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Monday, 15 October, 2001, 21:26 GMT 22:26 UK
Byers blames Railtrack for collapse
Stephen Byers reports to the House of Commons on Railtrack
Mr Byers delivered a pugnacious performance
Railtrack left the government with no option but to put it into administration, Transport Secretary Stephen Byers has told the House of Commons.


I decided I could not give Railtrack a blank cheque

Stephen Byers
And no decision has yet been made on whether the company's parent can hang on to the Channel Tunnel rail link project to help it compensate its shareholders.

It was the beleaguered rail company which first raised the possibility of insolvency, Mr Byers told a packed house.

But Railtrack later hit back at Mr Byers' Commons speech, claiming it "lacked substance" in many crucial aspects.

The company also denied it had gone to the government with a "begging bowl, month after month", and had been trying to negotiate a broad package of reforms since July.

No guarantees

The rail company admitted it had raised administration as an option, but said it was in the context of ruling it out, not suggesting it as a viable course of action.

Mr Byers maintained the company told him in July that it was facing financial disaster.

By December 2001, losses would have been 700m, expanding to 1.7bn by March 2002, he said.

In August, Mr Byers said, Railtrack told him that it had only three options: restructuring, renationalisation or receivership.


Who will trust the government again? Not the City institutions. They will run a mile

Eric Pickles
Conservative transport spokesman
Restructuring would involve an open-ended commitment to cover Railtrack's costs and ensure a profit rather than a loss, as well as four years' suspension of regulation, Mr Byers said.

That was when administration began to emerge as a realistic option, he said.

Railtrack's board denied this, saying that prior to 5 October it had sought a "measured and fundamental" overhaul of its finances, not an "effectively open ended funding requirement".

It said the requested overhaul would have increased the transparency, predictability and stability of its affairs to deliver a better public railway.

But by 5 October, said Mr Byers, with Railtrack unable to put a figure on what it needed from the government, administration became the only course.

"I decided I could not give Railtrack a blank cheque," he said.

Mr Byers said the government had already made clear - with the agreement of Railtrack - that it would not protect shareholders over the travelling public.

Railtrack executives have been insisting that their shareholders should be compensated to the tune of about 360p a share, slightly less than the price at privatisation in 1996.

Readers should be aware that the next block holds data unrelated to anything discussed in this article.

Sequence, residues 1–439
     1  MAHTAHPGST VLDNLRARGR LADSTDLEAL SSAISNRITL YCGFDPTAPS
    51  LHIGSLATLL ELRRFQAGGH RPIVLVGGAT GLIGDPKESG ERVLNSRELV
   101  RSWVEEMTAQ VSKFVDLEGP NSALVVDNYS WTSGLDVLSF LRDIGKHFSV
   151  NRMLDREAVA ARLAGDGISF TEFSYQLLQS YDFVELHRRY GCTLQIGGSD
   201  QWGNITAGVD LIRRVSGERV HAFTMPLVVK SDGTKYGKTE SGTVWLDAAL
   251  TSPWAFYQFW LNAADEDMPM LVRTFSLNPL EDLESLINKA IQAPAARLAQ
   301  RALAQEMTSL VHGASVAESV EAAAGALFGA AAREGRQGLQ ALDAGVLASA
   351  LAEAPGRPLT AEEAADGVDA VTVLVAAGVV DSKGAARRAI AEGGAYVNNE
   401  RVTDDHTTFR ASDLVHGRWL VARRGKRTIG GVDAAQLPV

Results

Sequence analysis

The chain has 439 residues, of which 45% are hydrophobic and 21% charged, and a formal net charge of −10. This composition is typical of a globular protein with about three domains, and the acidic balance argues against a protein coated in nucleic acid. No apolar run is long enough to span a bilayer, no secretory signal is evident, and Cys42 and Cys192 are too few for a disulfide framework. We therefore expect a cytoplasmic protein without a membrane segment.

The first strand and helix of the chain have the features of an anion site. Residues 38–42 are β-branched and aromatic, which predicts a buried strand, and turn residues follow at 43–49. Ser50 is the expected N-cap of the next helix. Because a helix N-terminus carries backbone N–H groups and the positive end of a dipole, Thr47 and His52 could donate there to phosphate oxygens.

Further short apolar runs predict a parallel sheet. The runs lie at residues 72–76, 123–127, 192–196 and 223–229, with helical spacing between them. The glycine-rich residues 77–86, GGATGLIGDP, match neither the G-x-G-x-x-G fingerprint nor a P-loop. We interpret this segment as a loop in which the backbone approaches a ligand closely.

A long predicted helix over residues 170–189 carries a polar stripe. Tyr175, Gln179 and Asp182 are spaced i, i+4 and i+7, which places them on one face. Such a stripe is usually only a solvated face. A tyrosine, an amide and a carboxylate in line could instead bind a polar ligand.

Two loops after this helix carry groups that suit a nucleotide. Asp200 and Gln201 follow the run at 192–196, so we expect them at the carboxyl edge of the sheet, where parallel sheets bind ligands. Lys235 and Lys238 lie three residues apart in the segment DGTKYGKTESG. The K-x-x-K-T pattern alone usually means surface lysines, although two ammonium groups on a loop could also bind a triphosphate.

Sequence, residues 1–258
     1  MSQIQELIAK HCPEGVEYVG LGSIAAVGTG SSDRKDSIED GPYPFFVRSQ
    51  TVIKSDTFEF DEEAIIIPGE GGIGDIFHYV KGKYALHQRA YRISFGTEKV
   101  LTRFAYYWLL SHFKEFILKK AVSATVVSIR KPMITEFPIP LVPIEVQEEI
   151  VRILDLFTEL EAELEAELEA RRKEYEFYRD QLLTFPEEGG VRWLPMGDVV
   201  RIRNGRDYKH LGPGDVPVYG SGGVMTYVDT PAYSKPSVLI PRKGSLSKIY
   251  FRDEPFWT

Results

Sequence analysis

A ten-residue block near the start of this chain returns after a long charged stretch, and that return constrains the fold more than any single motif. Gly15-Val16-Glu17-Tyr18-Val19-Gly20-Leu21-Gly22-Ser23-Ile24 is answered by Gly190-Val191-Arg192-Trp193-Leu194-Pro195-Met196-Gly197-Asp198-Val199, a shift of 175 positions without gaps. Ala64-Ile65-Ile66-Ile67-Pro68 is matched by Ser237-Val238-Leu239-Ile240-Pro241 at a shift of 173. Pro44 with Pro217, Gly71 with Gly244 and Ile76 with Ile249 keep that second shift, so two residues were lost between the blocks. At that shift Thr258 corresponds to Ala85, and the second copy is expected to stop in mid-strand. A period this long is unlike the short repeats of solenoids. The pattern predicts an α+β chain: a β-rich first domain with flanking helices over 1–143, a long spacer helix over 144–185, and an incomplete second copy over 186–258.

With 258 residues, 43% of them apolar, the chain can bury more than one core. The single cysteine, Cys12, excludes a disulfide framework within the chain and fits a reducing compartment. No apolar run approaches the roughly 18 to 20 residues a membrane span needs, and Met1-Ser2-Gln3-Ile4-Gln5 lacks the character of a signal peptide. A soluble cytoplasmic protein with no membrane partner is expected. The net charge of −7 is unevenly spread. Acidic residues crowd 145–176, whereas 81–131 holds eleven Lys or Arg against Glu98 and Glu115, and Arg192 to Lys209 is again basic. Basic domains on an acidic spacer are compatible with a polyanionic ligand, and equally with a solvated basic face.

But Conservative transport spokesman Eric Pickles, said the 34bn private investment built into the government's 10-year plan was now at risk - and he called on Mr Byers to resign.

"Who will trust the government again? Not the City institutions. They will run a mile."

No word on Channel link

Railtrack had been expecting Mr Byers to announce that Railtrack Group - the failed company's parent - is to retain the right to run the Channel Tunnel rail link, which might provide a boost for out-of-pocket shareholders.

The licence to run Phase One of the rail link - the rest of the work has already been awarded to other contractors - is held by Railtrack Group, the parent of Railtrack plc.
Steve Marshall, chairman of Railtrack Group
Byers said Marshall agreed to no shareholder protection

But Mr Byers said the issue still needed more negotiation, since the government and Railtrack Group disagreed about how much it was worth. He planned to write to the company later on Monday, he said.

Railtrack has set the value at 400m. The government has yet to put its own value on the project.

Meanwhile, the train operating companies, such as Stagecoach and National Express, expect to be given a bigger role in track maintenance under Railtrack's replacement.

Mr Byers made it clear that Railtrack's replacement would be a private company limited by guarantee, without shareholders, and re-investing any profits into the network.

Railtrack shareholders have launched an action group to protect their interests, and are threatening to sue.

 WATCH/LISTEN
 ON THIS STORY
The BBC's Sean Curran
"Stephen Byers came to the Commons to deliver an "I am not going to quit" statement"
Sir Alistair Morton of the Strategic Rail Authority
"Rail needs investment"
Stephen Byers, Transport Secretary
"We're confident that we'll be able to lever in money from the private sector"

Key stories

Background

Safety crisis
 VOTE RESULTS
Should Railtrack's shareholders be compensated?

Yes
 33.04% 

No
 66.96% 

4719 Votes Cast

Results are indicative and may not reflect public opinion

See also:

15 Oct 01 | Business
Railtrack set for Chunnel deal
15 Oct 01 | UK Politics
Byers faces resignation demand
14 Oct 01 | Business
Pressure grows for Railtrack inquiry
11 Oct 01 | Business
German bank 'eyes UK rail network'
11 Oct 01 | Business
Railtrack pushes for rail link deal
09 Oct 01 | Business
Profile: The Railtrack salvage squad
15 Oct 01 | Business
Railtrack: What happens now?
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